Necessitating an Egyptian/Roman Translation of the Bible

Earlier this year the Patriot’s Bible hit the bookshelves of stores all across the country. There is an interesting video floating around from the editor explaining the rationale behind the compiling of this work, but in the end, I have to side with others who see this as perhaps the culmination of the patriotic idolatry of the American church. I feel this is an important teachable moment for people who may feel uncomfortable with this latest marketed Bible (which by the way, shouldn’t we feel uncomfortable with all of these “specialized” and “marketed” Bibles?) thinking this may go too far. I don’t want to dwell on critiquing this particular Bible here. The few folks that do come by here and read, have a pretty fair idea of the string of that argument. Instead, I’d like to propose another Bible that needs to be compiled.

Stephen Prothero has an interesting book entitled American Jesus: How the Son of God became a National Icon. While I haven’t has a chance to read the book, the description on the back details an important element in American culture. “Our nation’s changing images of Jesus, Stephen Prothero contends, are a kind of looking glass into the national character. Even as most Christians believers cleave to a traditional faith, other people give Jesus a leading role as folk hero, pitchman, or countercultural icon.” (From Dan Cryer, Newsday). Prothero pursues something that consistently shows itself to be true: humans are most likely to worship a deity that looks most like us. Of course Jesus was white. Of course Jesus would be in favor of capitalism. Of course Jesus woudl be in favor of democratic governments. Of course Jesus would be an American patriot – he’d probably wear red, white, and blue to the fireworks. That’s what we do . . . so it must be what he would do. Thus the Patriot’s Bible.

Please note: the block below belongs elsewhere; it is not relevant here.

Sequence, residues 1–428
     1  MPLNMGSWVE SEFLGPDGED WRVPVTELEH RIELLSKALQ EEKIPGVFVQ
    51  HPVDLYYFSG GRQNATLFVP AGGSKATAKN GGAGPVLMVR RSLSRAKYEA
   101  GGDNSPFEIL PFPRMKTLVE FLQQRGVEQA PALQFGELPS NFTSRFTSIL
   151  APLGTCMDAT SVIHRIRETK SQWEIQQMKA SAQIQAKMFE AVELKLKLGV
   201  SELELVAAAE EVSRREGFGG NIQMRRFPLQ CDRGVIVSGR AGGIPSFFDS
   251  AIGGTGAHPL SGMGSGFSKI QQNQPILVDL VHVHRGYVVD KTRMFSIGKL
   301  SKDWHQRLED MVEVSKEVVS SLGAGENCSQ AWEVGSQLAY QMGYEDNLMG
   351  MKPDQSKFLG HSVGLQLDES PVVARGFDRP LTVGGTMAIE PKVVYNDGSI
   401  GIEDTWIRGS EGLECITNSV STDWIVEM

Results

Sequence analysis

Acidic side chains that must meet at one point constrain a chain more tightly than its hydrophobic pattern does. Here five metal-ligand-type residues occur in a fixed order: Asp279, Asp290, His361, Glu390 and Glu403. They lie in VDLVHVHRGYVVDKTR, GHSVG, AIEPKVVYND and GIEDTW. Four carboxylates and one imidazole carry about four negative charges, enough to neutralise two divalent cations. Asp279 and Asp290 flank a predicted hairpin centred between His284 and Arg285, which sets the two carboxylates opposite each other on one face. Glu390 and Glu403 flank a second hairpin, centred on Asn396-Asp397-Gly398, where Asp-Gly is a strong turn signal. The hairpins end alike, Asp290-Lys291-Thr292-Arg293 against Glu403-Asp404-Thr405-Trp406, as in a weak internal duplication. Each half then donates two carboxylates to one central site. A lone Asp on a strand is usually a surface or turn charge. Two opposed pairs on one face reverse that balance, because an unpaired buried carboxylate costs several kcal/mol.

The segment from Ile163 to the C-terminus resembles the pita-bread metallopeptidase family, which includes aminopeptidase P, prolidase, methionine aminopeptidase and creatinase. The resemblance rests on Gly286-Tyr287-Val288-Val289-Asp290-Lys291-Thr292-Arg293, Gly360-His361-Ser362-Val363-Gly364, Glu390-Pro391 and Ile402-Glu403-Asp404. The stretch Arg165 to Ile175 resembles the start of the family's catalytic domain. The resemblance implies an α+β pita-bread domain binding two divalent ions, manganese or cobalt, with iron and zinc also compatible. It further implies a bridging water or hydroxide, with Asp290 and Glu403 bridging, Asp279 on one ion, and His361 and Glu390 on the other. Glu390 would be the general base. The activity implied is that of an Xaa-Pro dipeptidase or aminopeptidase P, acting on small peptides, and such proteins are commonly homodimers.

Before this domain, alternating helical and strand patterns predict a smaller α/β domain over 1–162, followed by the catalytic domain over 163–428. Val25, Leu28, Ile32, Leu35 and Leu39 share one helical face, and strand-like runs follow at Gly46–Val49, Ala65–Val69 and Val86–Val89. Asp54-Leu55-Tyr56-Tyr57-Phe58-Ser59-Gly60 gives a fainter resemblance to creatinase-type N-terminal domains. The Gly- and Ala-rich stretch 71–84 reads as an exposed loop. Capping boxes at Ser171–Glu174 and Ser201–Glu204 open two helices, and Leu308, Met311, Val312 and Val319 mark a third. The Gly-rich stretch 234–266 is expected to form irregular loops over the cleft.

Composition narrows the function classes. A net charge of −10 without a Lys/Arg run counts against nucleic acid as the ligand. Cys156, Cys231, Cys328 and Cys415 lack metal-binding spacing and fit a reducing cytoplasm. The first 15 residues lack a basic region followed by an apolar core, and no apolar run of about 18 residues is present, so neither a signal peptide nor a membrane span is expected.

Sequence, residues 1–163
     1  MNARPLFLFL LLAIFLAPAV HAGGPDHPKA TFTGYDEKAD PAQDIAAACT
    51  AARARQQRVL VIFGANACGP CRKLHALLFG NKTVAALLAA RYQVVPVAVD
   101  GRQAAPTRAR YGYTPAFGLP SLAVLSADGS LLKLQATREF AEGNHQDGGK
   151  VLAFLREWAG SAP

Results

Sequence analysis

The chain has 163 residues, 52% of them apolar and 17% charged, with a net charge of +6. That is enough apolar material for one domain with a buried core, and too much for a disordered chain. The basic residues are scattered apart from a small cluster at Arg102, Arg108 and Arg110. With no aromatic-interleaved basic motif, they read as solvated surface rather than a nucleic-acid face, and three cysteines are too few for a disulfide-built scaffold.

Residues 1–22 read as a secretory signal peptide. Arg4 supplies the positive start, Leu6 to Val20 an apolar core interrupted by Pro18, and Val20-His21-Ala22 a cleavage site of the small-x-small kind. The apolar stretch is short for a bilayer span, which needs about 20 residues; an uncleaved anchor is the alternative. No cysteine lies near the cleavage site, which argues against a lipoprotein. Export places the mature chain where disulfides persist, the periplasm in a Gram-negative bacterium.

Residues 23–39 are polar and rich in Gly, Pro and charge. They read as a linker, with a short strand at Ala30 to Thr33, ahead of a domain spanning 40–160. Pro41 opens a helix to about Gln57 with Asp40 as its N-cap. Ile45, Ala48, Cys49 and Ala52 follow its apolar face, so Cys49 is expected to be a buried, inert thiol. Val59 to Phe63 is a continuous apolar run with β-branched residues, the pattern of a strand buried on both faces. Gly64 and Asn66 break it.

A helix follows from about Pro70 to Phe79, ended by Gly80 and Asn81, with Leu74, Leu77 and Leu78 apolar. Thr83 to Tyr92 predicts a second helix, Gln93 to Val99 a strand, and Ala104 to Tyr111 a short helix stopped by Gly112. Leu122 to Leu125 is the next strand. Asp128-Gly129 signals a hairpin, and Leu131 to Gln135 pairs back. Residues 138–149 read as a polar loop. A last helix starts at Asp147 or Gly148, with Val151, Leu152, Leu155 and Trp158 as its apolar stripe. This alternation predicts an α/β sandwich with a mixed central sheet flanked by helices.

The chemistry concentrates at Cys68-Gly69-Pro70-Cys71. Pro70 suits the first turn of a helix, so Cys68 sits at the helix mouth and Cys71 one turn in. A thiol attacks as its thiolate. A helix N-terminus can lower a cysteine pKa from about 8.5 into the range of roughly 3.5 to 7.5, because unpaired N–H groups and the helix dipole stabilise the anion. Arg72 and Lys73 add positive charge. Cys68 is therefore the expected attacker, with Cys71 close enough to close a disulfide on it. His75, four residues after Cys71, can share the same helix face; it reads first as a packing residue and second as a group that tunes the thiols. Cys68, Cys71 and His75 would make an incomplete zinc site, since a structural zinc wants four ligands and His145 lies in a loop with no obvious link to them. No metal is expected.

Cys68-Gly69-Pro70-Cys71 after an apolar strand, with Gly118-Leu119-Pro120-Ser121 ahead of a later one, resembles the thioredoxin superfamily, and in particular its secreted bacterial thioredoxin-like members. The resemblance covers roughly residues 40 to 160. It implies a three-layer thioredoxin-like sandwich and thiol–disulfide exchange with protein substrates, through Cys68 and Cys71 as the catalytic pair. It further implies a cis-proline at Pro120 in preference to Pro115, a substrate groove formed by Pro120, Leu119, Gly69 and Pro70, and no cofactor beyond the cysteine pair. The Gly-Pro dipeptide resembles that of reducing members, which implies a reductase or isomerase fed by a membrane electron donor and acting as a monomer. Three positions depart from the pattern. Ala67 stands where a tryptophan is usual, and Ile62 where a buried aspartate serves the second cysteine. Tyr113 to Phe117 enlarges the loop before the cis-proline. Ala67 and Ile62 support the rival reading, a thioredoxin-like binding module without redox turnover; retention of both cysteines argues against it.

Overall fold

Unfortunately, for us, the Bible was written from the perspective of the oppressed, not the oppressors; from the perspective of the poor, not the wealthy; from the perspective of the powerless, not the powerful. Yet in the halls of our churches and seminaries, the Bible has been slanted toward those perspectives. Jesus, like Bruce Barton’s The Man Nobody Knew, becomes a mirror of successful Americana.

It seems to me we need to come up with a translation of the Bible that would have been read in Cairo and Rome. A Bible that would have stood to convict Pharaoh and Caeasar of their sins of oppression. I’m guessing we wouldn’t particularly care for the language that it would contain, the acts of sacrifice it would require, or the life changes it would mandate. It would, once and for all, specifically address the problems of affluence and excess. Gluttony and abundance would be given more than the scant references contained in the Holy Scriptures.

Our leaders should be spending their time composing a work such as this instead of wasting our time wading through the references to Scripture in the founding documents of the United States as if that somehow makes their genocide of the Native Peoples less significant.

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